MCV: What made you (Phoenix) decide to make a point-and-click adventure as your first commercial release?

Goyel:For Phoenix Online, point-and-click adventure games are deeply embedded in our DNA. It's simply what we do best. We have some amazing writers, who really bring these characters to life and create emotional bonds with the characters and their situations. We also like our games to be very cinematic, and the genre lends itself extremely well to that. What I personally like about them is that pretty much anyone can play them. You don't need to be an expert button masher to play a point-and-click adventure. Another thing I love about it is that it appeals to a wide demographic. You might find a 13 year-old male who plays these games alongside his forty-something mom!

MCV: You've gone the episodic route with Cognition. Why so?

Goyel:We made it episodic for a few reasons. One was that we believe in the episodic model that was popularised by Telltale Games. It keeps people involved in the game over a long period of time and keeps them coming back for more. From a development standpoint, it also made sense to do it in chunks as opposed to putting out one single full length game. That being said, Episode 1 of Cognition is a good 6-8 hours of solid gameplay and each episode is self-contained while at the same time having an overarching theme and storyline that extends throughout all four episodes.

MCV: Cognition has so far been announced for PC and Mac. Are you planning to release it on other platforms?

Goyel:We're also going to be releasing an iPad version in the near future. Point-and-clicks lend themselves really well to tablets, and I think it will be a great platform for Cognition. After that, we will investigate other platforms that we can release on.

Cognition will be spread across four episodes, the first of which includes 6-8 hours of gameplay

MCV: How do PixelTek and Phoenix collaborate, and do you make a conscious effort to keep both companies separate?

Goyel:PixelTek helped out with a lot of the artwork and 3D characters/environments/props. We're working to integrate both teams, but for now, both companies will remain separate. We dedicate a portion of the PixelTek team to work on Phoenix Online's projects and the rest on our other projects. We treat Phoenix Online like any of our other clients, and we focus on creating quality artwork for all of them.

MCV: Despite having been in the industry for a while, at the helm of a successful company, you've kept a low profile. Why is that?

Goyel:I'm not sure why. I guess I'm not big on self-promotion, although maybe I should be more proactive on that front. Honestly, I've just been so busy with managing and running the company, I never got around to it.

MCV: As someone who's based in India but is involved with a game development studio abroad, how do you view India as a market for games, both developed by you and in general?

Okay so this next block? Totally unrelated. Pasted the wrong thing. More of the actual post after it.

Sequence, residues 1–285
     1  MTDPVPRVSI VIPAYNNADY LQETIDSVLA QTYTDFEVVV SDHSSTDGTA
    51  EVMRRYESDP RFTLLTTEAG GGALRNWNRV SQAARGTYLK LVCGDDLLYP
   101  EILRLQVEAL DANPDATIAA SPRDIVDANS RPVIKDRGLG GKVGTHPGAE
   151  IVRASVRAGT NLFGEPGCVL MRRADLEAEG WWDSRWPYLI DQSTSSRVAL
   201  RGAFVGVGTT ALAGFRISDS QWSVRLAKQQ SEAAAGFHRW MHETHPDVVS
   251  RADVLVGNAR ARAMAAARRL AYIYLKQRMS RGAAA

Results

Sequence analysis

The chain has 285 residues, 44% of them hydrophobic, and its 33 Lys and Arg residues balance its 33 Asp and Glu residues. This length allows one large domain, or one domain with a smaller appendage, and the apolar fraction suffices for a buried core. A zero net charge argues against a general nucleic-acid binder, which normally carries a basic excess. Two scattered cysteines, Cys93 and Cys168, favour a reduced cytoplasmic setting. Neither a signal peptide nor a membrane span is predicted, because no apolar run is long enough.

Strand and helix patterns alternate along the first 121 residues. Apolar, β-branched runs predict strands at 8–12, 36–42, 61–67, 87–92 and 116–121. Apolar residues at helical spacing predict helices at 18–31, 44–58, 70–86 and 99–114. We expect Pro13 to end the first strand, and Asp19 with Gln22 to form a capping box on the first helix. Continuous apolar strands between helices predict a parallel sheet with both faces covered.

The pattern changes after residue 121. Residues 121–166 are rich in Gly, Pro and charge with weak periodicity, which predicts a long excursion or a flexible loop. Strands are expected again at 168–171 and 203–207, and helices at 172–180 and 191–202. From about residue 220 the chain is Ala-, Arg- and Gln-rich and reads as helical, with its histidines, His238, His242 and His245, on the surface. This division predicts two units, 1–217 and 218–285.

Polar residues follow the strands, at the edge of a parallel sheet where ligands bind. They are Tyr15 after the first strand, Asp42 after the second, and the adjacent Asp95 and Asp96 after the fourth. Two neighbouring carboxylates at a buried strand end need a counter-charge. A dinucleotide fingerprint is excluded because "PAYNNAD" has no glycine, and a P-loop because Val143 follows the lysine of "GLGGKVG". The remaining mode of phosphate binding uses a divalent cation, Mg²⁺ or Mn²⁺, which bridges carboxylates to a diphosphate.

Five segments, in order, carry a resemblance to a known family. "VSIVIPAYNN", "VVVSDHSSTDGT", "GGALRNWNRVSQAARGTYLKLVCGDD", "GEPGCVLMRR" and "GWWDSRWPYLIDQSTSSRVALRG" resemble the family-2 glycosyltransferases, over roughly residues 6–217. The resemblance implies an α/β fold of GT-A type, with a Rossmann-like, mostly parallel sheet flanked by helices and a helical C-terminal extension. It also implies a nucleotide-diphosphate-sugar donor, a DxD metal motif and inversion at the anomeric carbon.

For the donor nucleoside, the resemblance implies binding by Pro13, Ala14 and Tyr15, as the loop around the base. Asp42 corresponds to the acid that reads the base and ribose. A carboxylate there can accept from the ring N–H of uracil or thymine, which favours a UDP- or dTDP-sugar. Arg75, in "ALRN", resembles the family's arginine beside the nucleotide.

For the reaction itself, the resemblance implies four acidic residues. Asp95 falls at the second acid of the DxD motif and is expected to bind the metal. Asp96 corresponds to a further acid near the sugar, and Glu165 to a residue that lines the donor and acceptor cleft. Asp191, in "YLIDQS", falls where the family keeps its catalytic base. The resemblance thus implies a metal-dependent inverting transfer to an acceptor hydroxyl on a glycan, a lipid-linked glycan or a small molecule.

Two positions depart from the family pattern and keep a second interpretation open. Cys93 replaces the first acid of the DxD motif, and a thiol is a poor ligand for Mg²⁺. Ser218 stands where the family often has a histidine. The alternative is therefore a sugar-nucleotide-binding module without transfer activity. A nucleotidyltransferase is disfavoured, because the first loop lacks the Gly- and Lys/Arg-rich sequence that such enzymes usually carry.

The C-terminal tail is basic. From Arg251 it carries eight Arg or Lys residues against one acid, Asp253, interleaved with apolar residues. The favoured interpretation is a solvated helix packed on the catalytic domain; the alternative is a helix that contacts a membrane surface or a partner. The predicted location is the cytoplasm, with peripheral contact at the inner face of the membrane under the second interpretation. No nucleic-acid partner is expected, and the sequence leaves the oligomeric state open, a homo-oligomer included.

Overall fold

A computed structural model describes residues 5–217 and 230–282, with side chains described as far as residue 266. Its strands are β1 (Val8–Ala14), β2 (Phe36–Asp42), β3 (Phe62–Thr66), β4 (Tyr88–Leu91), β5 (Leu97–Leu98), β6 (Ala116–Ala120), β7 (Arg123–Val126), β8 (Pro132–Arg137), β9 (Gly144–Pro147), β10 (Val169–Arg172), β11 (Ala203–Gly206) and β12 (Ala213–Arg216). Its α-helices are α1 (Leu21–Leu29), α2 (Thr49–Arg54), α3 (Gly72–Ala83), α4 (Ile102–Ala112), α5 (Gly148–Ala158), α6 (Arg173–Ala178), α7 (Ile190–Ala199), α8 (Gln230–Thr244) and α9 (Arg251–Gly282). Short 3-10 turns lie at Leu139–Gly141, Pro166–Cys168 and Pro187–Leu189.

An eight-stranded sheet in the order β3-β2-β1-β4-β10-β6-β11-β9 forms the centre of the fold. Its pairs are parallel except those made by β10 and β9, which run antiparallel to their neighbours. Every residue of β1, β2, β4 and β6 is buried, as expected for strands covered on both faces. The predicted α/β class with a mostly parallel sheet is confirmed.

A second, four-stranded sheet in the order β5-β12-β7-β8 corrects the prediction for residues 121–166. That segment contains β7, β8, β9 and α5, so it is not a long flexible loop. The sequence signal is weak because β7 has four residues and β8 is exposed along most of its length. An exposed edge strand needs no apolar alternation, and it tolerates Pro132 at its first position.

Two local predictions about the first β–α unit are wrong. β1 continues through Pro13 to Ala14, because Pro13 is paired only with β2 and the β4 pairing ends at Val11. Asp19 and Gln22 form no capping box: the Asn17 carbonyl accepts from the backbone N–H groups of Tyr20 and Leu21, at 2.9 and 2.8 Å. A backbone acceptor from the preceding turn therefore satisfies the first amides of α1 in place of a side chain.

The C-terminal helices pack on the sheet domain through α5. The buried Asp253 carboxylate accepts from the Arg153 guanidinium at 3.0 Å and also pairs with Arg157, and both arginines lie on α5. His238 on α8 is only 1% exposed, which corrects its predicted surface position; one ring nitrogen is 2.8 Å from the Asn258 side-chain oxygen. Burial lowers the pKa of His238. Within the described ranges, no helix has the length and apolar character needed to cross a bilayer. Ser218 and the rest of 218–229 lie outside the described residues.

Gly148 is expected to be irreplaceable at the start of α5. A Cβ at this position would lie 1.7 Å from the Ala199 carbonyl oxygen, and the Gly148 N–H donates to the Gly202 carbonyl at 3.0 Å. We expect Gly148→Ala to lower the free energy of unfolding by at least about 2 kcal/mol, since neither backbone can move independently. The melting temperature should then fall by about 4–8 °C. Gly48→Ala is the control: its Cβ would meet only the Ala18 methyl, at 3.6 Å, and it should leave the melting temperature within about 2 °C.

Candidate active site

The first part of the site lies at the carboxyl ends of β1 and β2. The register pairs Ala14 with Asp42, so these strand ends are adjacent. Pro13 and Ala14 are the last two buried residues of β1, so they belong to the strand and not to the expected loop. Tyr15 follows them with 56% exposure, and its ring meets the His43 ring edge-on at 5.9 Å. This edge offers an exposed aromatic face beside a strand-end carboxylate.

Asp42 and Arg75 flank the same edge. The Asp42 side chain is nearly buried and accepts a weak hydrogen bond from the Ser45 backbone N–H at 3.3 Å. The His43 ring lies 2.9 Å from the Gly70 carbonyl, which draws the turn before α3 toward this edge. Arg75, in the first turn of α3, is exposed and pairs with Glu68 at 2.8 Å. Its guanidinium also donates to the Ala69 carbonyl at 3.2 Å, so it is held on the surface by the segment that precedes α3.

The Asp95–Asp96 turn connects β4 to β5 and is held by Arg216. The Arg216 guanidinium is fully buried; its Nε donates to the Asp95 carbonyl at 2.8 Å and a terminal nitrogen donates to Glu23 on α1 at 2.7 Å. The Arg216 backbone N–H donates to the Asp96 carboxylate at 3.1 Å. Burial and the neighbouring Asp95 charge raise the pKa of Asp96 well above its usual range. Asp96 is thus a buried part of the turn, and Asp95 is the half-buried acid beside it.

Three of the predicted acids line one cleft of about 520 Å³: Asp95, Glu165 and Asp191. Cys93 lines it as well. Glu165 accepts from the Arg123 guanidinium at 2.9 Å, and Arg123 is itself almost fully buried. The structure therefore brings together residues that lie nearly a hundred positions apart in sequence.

Goyel:Well, ever since I got into the industry, I've been hearing about how the gaming market in India is waiting to explode, but we haven't seen it yet. I think there's a few reasons for that. Firstly, there's cultural reasons that will work themselves out in time. As more people are exposed to gaming, hopefully people will think more creatively in terms of development. Hopefully it will become a viable career option that parents can encourage their kids to pursue. Secondly, there just haven't been any quality games to come out of India. I personally like games that are edgy, and I feel Indian developers need to take more risks. It seems like they find it very difficult to get out of their comfort zones with development. I'm not sure if that's for financial reasons or not, but it's a shame. Developers should focus on hitting a global market and not just the Indian one. I really believe that if you make a game that resonates throughout the world, it will automatically be a success in India as well. Whether I am right or wrong on remains to be seen.

MCV: You're also the frontman for the rock band Slow Down Clown. How do you manage to run two companies and still manage to find time for music? What takes precedence – gaming or music?

Goyel:That's a very interesting question. Sometimes it is very difficult to manage both, mainly due to scheduling conflicts. I travel abroad quite often, and I am in meetings almost 3 or 4 nights every week. That makes it difficult to coordinate with my band mates sometimes. But when it comes to music, we are very disciplined. We practice diligently before gigs, and we work hard at crafting the music. For me, music has always been a creative outlet and gaming was more a recreational outlet. But, truth be told, as time goes on, I find that the lines between what's creative and what's recreational start to blur. At the end of the day, I feel incredibly blessed that I can make a living doing the two things I love. I only hope I can continue to do both for a long time to come.

Phoenix Online's episodic point-and-click adventure game Cognition is now available for preorder.